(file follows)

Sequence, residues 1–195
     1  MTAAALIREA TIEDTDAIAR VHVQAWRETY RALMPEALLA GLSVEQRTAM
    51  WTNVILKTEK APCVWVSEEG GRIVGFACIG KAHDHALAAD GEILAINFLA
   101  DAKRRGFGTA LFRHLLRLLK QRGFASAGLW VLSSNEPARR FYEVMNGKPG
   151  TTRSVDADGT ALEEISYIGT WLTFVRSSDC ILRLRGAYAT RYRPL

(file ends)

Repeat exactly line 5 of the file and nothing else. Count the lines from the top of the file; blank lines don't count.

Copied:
   151  TTRSVDADGT ALEEISYIGT WLTFVRSSDC ILRLRGAYAT RYRPL